Although next-generation sequencing and microarray service is becoming more and more affordable every year, these projects still represent a significant investment of time and budget. There are several strategies researchers resort to in order to conserve their limited budgets and time, but some of these strategies have shown to result in poor data output and are therefore counterproductive. An investigator can be left with unusable data after investing a substantial amount of resources.

One such strategy, that can often impinge the success of a profiling experiment, is the pooling of biological replicates. Some researchers may be under the impression that pooling biological replicates, instead of treating each replicate as an individual sample, is a statistically acceptable strategy for discovery of differentially expressed genes (DEGs). A recent study by researchers at Aarhus University demonstrated that this is not an effective strategy for minimizing costs[1]. They evaluated the validity of two pooling strategies (3 or 8 biological replicates/pool; two pools/group) by comparing next-gen sequencing data from RNA pools with the data obtained from corresponding, individual RNA samples (3 or 8 samples/group). Agreement between the analyses of RNA-pools and of corresponding individual samples was weak and differential expression of most of these genes detected from the RNA-pools data was not corroborated by the analyses of corresponding individual samples. Despite having good sensitivity and specificity, both pooling strategies displayed poor positive predictive values which undermined their ability to predict true-positive DEGs.

differential expression

Agreement between sequencing RNA-pools and sequencing corresponding individual RNA samples.

In effect, “pooled samples did not represent the population variations in gene expression levels”, which led “to erroneously long DEG lists with low positive predictive values”. From this evidence, it’s easy to see how incorporating an appropriate amount of un-pooled biological replicates in one’s initial study is ultimately more cost-effective in the long-run, as it prevents investment of time and money in attempts at validating false results.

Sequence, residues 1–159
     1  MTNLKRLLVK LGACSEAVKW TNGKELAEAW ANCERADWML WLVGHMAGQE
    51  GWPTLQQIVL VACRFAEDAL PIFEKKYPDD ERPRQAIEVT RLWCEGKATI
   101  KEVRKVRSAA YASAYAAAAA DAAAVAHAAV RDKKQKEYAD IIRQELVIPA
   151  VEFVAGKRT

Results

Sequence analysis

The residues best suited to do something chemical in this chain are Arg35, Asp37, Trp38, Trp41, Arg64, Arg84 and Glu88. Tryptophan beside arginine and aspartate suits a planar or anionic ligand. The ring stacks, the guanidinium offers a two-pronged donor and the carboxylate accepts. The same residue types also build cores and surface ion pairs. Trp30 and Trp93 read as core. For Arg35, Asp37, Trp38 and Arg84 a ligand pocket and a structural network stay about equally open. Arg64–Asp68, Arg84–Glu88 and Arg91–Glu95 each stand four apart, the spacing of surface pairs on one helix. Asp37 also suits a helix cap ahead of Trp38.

Ideally, a researcher would always incorporate a large number of biological replicates in their experimental design, but in reality, this is not always feasible. Due to time and budget constraints, an investigator may need to perform a pilot project that strikes a compromise between an ideal number of replicates and cost-effectiveness. In that event, how can a researcher decide on a sample size that’s going to maximize the effectiveness of their genomic data?

Power and sample size analysis are important tools to assist researchers with generating experimental designs. These analyses can guide researchers to the appropriate number of replicates for detecting difference between two or more groups, and maximize their opportunity for true positive discovery.

A study by researchers at Leiden University Medical Center explored new methods for power and sample size analysis to assist with experimental design [2]. Their work expands upon previous power and sample size methods, that were limited to two-group comparisons, and they have developed a flexible method that can be used for power studies in a wide variety of statistical models used for hypothesis testing in high-dimensional data studies. Their method, SSPA, is available at: http://www.bioconductor.org/packages/release/bioc/html/SSPA.html

It is possible to increase the statistical power of an RNA-Seq experiment by increasing the sample size or the sequencing depth.

Researchers at the University of Hawaii Cancer Center performed a comprehensive comparison of five differential expression analysis packages (DESeq, edgeR, DESeq2, sSeq, and EBSeq) and demonstrated that increasing sample size is more potent than sequencing depth to increase power, especially when the sequencing depth reaches 20 million reads [3]. They also found that paired-sample RNA-Seq significantly enhances the statistical power, confirming the importance of considering the multifactor experimental design.

The researchers provide a power analysis tool that captures the dispersion in the data and can serve as a practical reference under the budget constraint of RNA-Seq experiments: http://www2.hawaii.edu/~lgarmire/RNASeqPowerCalculator.htm

By following the recommendations put forth in these studies, investigators can better their chances for a successful profiling project which will ultimately conserve their resources in the long-run. A local optimal power is achievable for a given budget constraint, and the dominant contributing factor is sample size rather than the sequencing depth.

 References

  1. Rajkumar AP, Qvist P, Lazarus R, Lescai F, Ju J, Nyegaard M, Mors O, Børglum AD, Li Q, Christensen JH. (2015) Experimental validation of methods for differential gene expression analysis and sample pooling in RNA-seq. BMC Genomics 16:548. [article]
  1. van Iterson M, van de Wiel MA, Boer JM, de Menezes RX. (2013) General power and sample size calculations for high-dimensional genomic data. Stat Appl Genet Mol Biol 12(4):449-67. [abstract]
  1. Ching T, Huang S, Garmire LX. (2014) Power analysis and sample size estimation for RNA-Seq differential expression. RNA 20(11):1684-96. [abstract]

 

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